August: Osage County: Stage to Screen

As adapted and directed, August: Osage County, Tracy Letts’ Pulitzer and Tony-winning play about a two-generational dysfunctional family, inevitably betrays its theatrical origins.

This is not such a bad idea as the film is cast with top talent, including Meryl Streep and Julia Roberts as the mother and daughter, respectively. The melodrama gives almost each member of the ensemble a meaty role (with several shining scenes) to demonstrate his/her respective skills and histrionics.

World premiering at the Toronto Film Fest, August: Osage County will be released by the Weinstein Co. on Christmas Day in time for serious awards-season considerations.

In his second film as director, John Wells (The Company Men) is able to maintain the bittersweet, comic-ironic-tragic tone of the play. In the hands of a more skillful director–say Mike Nichols or Steven Soderbergh-—August would have been a sharper, more poignant, more filmic tale, rather than a translation of a well-written play.

Though semi-autobiographical, Letts continues the long cherished American tradition of deconstructing the manner and mores of an eccentric family, following in the footsteps of O’Neill (Long Day’s Journey Into Night) and Tennessee Williams (Cat on a Hot Tin Roof and others).

The more overtly cinematic touches—close-ups during the delivery of touching if long monologues—achieves the opposite of Wells’s intent, emphasizing even more that what we are watching is a play staged for the cameras.

Even so, the ensemble is so large and so distinguished that there’s enough happening on screen to keep our attention for the duration of the saga which, if memory serves, is much shorter than the play was. The darkly comic, deeply touching story is dominated by women, all strong-willed (even those who don’t acknowledge it).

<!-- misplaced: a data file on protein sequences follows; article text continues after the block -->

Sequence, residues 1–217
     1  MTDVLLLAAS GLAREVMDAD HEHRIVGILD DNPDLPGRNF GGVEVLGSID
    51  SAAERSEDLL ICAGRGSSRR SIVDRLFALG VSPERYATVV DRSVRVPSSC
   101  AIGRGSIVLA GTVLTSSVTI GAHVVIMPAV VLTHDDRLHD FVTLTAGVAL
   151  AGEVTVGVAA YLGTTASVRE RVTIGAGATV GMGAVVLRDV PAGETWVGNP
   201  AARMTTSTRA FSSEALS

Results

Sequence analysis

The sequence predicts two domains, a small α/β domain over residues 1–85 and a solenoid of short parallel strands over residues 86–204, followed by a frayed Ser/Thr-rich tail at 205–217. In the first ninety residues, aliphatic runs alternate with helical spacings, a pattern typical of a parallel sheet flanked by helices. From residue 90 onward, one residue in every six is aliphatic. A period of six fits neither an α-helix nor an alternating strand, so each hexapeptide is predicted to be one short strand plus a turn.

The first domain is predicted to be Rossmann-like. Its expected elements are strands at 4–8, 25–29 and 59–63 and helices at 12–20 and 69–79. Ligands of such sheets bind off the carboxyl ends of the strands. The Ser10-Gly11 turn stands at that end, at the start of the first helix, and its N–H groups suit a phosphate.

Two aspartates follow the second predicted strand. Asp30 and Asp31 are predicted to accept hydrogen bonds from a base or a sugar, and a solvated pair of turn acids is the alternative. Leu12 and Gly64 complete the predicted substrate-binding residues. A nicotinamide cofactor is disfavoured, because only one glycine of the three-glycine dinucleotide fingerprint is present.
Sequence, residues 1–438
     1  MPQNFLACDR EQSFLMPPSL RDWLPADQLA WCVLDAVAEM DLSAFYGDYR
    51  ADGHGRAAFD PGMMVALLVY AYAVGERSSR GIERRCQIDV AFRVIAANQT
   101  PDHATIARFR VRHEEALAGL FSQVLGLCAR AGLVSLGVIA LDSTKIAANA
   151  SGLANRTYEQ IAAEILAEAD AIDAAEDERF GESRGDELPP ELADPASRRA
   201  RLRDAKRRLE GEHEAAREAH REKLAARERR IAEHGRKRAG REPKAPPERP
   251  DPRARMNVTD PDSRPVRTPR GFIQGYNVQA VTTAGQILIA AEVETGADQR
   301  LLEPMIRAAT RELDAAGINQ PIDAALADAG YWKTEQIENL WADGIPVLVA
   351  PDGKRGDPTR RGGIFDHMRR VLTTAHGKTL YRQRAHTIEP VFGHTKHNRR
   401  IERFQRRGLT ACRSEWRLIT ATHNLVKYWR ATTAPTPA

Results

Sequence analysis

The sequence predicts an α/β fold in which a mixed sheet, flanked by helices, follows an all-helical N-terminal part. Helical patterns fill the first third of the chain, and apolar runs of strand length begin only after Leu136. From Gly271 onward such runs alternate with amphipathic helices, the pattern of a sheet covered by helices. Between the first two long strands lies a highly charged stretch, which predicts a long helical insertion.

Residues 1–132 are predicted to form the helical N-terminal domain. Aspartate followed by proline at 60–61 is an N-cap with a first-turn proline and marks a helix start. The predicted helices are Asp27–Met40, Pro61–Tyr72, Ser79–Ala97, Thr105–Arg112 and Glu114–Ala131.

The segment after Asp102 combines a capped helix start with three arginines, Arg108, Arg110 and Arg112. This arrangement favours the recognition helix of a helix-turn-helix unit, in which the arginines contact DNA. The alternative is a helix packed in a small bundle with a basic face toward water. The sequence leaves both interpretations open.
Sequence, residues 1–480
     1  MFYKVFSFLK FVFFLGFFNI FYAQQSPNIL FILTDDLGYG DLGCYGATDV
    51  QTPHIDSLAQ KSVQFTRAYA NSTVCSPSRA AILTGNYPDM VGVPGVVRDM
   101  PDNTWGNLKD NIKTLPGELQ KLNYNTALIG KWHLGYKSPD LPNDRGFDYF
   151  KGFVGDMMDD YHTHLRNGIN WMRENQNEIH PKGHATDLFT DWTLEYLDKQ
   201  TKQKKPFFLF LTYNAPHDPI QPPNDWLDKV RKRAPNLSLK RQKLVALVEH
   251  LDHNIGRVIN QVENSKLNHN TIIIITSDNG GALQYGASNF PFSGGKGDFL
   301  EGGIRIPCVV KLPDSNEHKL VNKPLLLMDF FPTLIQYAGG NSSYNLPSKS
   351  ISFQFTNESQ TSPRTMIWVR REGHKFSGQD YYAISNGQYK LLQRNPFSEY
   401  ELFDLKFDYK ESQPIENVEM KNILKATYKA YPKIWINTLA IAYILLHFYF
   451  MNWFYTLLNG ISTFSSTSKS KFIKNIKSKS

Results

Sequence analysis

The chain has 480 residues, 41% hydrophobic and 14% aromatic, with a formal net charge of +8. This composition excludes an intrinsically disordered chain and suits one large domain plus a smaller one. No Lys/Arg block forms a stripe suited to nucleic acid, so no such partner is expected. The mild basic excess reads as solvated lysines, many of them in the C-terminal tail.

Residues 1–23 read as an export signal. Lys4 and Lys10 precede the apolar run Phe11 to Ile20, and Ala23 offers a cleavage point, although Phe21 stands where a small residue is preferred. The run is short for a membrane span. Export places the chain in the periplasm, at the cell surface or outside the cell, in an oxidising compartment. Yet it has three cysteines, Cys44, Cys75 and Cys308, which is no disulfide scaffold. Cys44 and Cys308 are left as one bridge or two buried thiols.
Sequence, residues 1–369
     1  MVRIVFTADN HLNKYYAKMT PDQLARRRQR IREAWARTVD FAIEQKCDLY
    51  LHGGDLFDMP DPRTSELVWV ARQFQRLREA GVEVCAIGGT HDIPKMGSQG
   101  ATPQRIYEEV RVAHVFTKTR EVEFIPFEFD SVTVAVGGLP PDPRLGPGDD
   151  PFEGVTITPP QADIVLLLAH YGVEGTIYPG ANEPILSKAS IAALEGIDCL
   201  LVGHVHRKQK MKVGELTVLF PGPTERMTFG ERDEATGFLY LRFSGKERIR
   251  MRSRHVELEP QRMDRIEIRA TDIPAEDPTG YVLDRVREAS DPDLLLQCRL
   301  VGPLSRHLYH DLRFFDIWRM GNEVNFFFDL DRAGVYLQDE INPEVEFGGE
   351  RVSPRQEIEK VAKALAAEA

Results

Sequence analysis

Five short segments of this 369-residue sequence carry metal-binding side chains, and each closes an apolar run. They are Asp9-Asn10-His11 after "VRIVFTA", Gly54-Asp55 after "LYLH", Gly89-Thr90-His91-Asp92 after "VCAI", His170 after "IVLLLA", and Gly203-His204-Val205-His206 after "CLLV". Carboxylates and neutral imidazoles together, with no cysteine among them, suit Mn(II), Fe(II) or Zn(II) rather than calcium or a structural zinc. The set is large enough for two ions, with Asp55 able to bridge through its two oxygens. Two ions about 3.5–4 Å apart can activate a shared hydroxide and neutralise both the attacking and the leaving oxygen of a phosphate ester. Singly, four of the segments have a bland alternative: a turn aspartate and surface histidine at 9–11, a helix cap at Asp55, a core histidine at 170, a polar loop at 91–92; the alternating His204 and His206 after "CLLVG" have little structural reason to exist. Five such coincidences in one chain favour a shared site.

The members live their lives of quiet desperation until, as often is the case in such domestic melodramas, a crisis brings them back to the Midwest house they grew up in, and to the domineering and eccentric matriarch (Meryl Streep), who had raised them.

It’s quickly established that Violet (Meryl Streep) is addicted to drugs—meds prescribed for her cancer, but also mood swings. Her husband Beverly (Sam Shepard) refers to her illness as “the punch line.” An alcoholic poet-turned-professor, Beverly hires a Native American housekeeper (Misty Upham) to take care of his needy, nasty wife, before his sudden disappearance.

What’s a motor-mouth matriarch to do alone and lonely? She summons her children–three daughters. On screen, the three siblings come across as types, much more so than on stage. Ivy (Julianne Nicholson) is single and close to home, which means she has endured her mom’s temper.

Barbara (Julia Roberts) comes in from Colorado with her estranged husband Bill (Ewan McGregor) and troubled daughter Jean (Abigail Breslin). Karen (Juliette Lewis) arrives from Florida with her slick fiancé Steve (Dermot Mulroney).
It doesn’t take long before Violet judges, criticizes, offends, and humiliates each one of them. And as in the play, most of the interactions are one-on-one, unfolding as give and take.

With the exception of Sam Shepard, acting-wise, the movie belongs to—or rather claimed by—the women.
This is a function of the writing as well as of the caliber of actresses. The mother and daughter are the chief adversaries, and so I will not be surprised if of the entire cast, Streep and Roberts (sharing the screen for the first time) will walk out with the discussions, reviews, and Oscar nominations.

Ultimately, “August: Osage County is too literary and middle-brow in its sensibility to satisfy demanding viewers. That said, it’s a perfectly watchable, and at times vastly entertaining, even if it’s is not as profound as the original play was.

About the play

Tracy Letts’ Pulitzer Prize-winning play of the same name made its Broadway debut in December 2007 after premiering at Chicago’s Steppenwolf Theatre earlier that year. It continued with a successful international run and was the winner of five Tony Awards in 2008, including Best Play.


Meryl Streep
Julia Roberts
Ewan McGregor
Chris Cooper
Abigail Breslin
Benedict Cumberbatch
Juliette Lewis
Margo Martindale
Dermot Mulroney
Julianne Nicholson
Sam Shepard
Misty Upham